Six Principles of How I Write My Journal

Posted March 23, 2014 ‐ 3 min read

Despite not being a frequent blogger, I am consistent with keeping a private journal that documents my life. The level of depth and introspection achievable with a private journal is different than what can be expected from a public blog or posts in a social network profile (which show mostly an external view), and over the years I have learned about how greatly it contributed to my decision making process and understanding of self.

There can be several advantages of keeping a private journal:

  • Your writing pad behaves like a psychologist. Even if no one will ever read your journal, just writing about your life puts things in proper perspective. It's like a Rubber duck debugging.
  • Reading past journal entries teaches you about how much you changed and how you changed. Also, you find out that you have worried to much. Overall it would reduce your stress levels.
  • There are places you have been and people you have met and some decisions you have made that you would not like to forget many years down the road, because these understanding how your personality can thus far at any point in time can be helpful for knowing how it could develop even further.
  • If you ever want to spend countless hours some time in 2030 telling your kids the exact and glorious story of 'how I met your mother' you'd be able to do so.
  • You might improve your writing skills if you don't have much of them to begin with.
  • It's your auto-biography material, in case you become that magnificent successful person you plan to be (don't we all need ambitions).

It took a few years to find the best method to sustain a good private journal. I'd share you with some interdependent principles that I have garnered from the practice:

  1. Keep one entry per month. One month is not too short to make the journal seem too tedious and boring in retrospect, and not too long so you wouldn't forget the key aspects of how you spend your time, and your reflections over that spent time. Also, a month is the sweet spot that it takes most things to develop in a way that actual description of progress is possible.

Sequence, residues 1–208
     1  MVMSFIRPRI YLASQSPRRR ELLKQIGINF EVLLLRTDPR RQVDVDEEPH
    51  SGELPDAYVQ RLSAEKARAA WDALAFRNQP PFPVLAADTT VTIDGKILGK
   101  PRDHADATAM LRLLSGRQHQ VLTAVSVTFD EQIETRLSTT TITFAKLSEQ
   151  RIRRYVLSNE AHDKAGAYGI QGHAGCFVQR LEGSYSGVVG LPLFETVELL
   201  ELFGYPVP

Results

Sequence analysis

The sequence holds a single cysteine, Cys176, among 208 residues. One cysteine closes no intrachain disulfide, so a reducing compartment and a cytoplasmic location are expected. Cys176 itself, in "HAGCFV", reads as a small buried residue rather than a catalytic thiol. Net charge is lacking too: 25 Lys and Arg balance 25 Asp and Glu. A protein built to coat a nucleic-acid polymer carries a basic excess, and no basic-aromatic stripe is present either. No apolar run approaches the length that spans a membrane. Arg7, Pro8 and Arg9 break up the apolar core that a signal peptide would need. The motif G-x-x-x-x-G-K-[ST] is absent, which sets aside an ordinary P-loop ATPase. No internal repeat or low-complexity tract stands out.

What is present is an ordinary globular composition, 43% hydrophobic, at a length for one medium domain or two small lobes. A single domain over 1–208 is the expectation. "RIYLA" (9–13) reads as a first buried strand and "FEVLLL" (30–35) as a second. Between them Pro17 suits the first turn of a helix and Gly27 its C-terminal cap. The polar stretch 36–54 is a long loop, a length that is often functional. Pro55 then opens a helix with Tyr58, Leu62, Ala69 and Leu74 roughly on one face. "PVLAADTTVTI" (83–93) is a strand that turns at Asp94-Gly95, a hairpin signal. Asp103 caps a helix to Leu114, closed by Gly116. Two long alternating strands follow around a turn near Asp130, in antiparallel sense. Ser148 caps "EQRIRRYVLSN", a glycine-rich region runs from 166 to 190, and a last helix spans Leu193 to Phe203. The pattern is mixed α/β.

2. Start writing the entry about a week before the month is due, and keep revising it until the 'deadline'. It is a drafting process which produces a nice and readable entry.
  3. With that final week revisions you should find yourself making plans for the next month, and even writing them down, going back to see what you planned to do the previous month, etc.
  4. Write more than 1,000 words. I usually reach 2,000. Turns out your life is less boring than you thought.
  5. Pick a title for each entry, like a chapter from a book. And add a soundtrack. Just kidding.
  6. Write about everything, encrypt the damn thing, and don't let anyone read it, including the NSA (I don't back it up to the internet anywhere conspicuously). Otherwise, you would not write honest entries.

If you do that for 50 years, you would get one hell of a book. That's the book of your life. And whether you decide to use it exclusively for reminiscing by taking it to your grave, or be careless about it near death and open it up for any interested party, it would be worthwhile.

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